...greatest things that came out of processes like six sigma and that sort of thing. It's it's being able to take all the best thinking, put it together and then have that that sort of testing their approach. So it's how big companies can really think and operate in a lean way like a start up, but still be able to leverage all the infrastructure and all the formal processes that they already have in place that have gotten them to the level that their accident. Could you maybe share an example of a product or a new service that a company introduced that came as a result of design thinking and kind of walk through how it came to be? Absolutely so. One of the clients that we are working with is a global utility and they're located in number of different countries, but one of the things that we helped them with was by doing an innovation some it with them. We were able to teach their sort of line level managers how to do something called a five act interview, and basically...

...what we did is we taught them how to use design thinking to to interview, to ask open any questions. And what we helped them to do was we basically helped them save a few million dollars on an initiative that they were going to be executing and we helped them really understand exactly the needs that their teams had. And we basically did was we we talked to a number of different user groups. One of them was customer service, and what we helped enable the managers to do that we're working on this digital transformation initiative, as we helped enable the managers to talk to their customer service people to understand the biggest pain points, in the biggest points of friction that the customer service agents were having that then their consumer, their customers, were having. So by being able to unify the problems using design thinking, by being able to give them the tools on how they could collect this information and distill in a uniform way, we were able to help them realize is that the problem that they thought they had was actually very different from the problem they really had. So...

...then, instead of launching a large initiative which was estimated to take about two or three years, when their work with some of the larger consultancies, that was a really good long term plan. But we helped them implement some very small iterative solutions which largely helped them with improving customer satisfaction. So metrics like net promoter score, you know, helping to drive up net promoter score, which still works pretty well here in the states. It's not as it's not as useful, I think, globally, but help to drive up that promoter score, which was improving customer experience and also helping to improve employee satisfaction, which largely is going to long term, contribute to both morale and reduce attrition. So we were able to do is look at an entirely different set of metrics because we ask them entirely different set of questions, and that's a really good example of how you can launch a product or service improvement in turn internally using this line of thinking. So that's one example that I would give that...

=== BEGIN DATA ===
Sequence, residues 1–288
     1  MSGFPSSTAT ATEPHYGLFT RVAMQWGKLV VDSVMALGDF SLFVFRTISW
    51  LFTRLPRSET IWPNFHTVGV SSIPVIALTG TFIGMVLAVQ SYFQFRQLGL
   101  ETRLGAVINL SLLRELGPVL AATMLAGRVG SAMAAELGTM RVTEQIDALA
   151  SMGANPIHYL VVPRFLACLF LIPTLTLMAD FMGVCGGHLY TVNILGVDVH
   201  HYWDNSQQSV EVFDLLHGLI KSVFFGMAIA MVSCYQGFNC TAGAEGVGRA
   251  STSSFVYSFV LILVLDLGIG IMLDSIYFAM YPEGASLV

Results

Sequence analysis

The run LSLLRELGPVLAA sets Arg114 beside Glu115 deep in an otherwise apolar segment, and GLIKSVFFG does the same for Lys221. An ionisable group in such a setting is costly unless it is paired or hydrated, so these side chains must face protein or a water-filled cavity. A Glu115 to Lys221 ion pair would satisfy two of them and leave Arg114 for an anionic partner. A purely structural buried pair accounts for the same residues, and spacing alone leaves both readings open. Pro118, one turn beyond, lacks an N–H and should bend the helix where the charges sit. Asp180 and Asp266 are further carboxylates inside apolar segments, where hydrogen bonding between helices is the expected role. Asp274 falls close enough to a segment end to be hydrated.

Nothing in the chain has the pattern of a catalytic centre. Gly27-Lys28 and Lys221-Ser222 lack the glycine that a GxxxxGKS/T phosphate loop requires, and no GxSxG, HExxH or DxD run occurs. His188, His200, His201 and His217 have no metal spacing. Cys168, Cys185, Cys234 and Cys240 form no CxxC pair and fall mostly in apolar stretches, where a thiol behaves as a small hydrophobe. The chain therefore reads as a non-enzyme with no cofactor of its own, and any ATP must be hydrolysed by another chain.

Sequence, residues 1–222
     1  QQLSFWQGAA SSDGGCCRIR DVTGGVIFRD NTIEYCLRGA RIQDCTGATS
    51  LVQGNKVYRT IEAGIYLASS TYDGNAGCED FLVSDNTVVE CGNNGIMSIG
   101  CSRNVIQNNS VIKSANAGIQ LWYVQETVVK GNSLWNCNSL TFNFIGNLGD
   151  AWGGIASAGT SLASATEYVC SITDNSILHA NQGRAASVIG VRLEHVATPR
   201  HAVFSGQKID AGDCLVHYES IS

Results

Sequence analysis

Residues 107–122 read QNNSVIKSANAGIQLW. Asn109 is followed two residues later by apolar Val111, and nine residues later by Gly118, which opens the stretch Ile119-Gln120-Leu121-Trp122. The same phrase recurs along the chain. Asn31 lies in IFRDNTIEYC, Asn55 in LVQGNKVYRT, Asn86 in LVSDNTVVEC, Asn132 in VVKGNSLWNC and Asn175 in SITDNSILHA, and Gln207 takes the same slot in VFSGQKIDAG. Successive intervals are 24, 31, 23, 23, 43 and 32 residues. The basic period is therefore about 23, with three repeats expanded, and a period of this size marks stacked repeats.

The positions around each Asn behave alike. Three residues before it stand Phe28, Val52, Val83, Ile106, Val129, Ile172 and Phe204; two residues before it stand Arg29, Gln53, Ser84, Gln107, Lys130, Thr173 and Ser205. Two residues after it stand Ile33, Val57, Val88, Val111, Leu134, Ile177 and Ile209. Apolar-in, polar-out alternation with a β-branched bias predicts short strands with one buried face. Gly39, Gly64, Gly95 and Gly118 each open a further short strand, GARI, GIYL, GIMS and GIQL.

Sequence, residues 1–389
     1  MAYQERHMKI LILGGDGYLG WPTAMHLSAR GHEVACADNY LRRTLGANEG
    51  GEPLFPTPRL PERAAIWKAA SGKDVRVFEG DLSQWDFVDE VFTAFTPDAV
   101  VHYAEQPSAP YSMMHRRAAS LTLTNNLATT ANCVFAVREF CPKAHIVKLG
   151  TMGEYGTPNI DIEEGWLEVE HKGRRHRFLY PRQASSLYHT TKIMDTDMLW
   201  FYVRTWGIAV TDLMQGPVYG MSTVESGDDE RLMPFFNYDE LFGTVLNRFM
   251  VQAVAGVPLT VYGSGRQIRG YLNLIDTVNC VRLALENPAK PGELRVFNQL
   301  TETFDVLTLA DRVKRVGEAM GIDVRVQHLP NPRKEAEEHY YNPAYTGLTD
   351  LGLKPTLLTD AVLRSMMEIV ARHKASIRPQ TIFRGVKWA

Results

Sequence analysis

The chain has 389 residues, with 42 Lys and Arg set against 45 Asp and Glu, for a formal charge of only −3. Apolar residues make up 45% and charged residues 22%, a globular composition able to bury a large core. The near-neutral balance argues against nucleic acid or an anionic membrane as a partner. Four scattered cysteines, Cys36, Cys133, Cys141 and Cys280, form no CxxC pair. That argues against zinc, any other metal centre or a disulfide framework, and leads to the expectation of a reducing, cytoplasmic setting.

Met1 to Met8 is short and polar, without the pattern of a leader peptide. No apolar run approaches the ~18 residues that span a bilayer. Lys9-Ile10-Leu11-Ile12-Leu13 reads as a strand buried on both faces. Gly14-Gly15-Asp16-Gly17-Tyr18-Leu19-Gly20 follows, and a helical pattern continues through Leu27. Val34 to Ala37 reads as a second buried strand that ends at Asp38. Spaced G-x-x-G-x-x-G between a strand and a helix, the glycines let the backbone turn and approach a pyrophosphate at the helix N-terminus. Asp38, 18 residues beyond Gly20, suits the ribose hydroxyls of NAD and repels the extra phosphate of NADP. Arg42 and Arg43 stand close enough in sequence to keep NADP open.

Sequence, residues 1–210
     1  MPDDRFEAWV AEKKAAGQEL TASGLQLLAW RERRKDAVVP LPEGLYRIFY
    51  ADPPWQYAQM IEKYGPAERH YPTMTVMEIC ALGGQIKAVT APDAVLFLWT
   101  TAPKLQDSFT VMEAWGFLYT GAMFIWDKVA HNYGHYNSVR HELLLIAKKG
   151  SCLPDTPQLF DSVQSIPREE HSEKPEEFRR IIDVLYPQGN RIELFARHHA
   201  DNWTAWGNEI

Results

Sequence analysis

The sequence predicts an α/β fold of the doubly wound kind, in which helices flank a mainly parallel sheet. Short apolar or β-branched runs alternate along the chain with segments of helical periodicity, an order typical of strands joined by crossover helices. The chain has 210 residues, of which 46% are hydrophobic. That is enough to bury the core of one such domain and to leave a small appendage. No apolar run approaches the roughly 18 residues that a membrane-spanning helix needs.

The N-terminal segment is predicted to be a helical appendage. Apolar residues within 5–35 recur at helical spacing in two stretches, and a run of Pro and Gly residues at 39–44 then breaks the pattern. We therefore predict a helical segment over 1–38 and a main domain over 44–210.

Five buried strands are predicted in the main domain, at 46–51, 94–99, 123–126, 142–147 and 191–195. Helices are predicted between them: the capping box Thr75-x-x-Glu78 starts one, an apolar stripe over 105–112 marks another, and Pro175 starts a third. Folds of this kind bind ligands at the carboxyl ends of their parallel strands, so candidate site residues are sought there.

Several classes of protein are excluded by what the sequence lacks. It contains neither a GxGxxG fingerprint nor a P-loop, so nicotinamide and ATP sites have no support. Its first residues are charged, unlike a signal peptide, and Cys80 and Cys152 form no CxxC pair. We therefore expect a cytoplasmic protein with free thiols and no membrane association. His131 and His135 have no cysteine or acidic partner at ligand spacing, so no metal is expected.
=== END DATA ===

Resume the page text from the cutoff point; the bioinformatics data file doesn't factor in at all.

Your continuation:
...has now relaunched an entirely new fears of initiatives and that and that one project was so successful that now we've been asked actually to next month we're going over to Europe to train and do some of these programs in the European office, just buist on some of the success that it's odd here domestically. That makes perfect sense. It makes perfect sense. Pee If there's somebody listening to this, they want to stay connected with you, they want to learn more about digital surgeons. What's the best way for them to go about doing that? I would say I'm pretty active on twitter. My twitter handles at peezn at Pete Seena. Would love to hear any questions or feedback from you. Guys. Get are bad. We really honored to be on the show with you here today and would love to come back if I can offer some value to those listening. Could also be reach on our website, digital surgeonscom. But really, I take them think I'm most interesting in there. was just you know, how does this information today been helpful or not helpful, so that I can continue to really help inspire people to think differently in to connect with...

...their customers and they're employees in a different way. I love it, Pete, thank you so much for your time today. Man, this has been this has been really helpful for me and I think our listeners are going to get a ton of value out of his as well. So I really appreciate it. Awesome. Thanks you for helping me. Really appreciate it. If you've been getting valued from this podcast, you can help us reach more people by reviewing the show on itunes. Here's how you can leave a review in less than a minute. Open your podcast APP and tap the search icon in the bottom right corner. Type in B toob growth, then select our show. Once you're there, tap the reviews tab and tell us what you think of the show. These reviews help us out of time. Thank you so much for listening. Until next time.

In-Stream Audio Search

NEW

Search across all episodes within this podcast

Episodes (1776)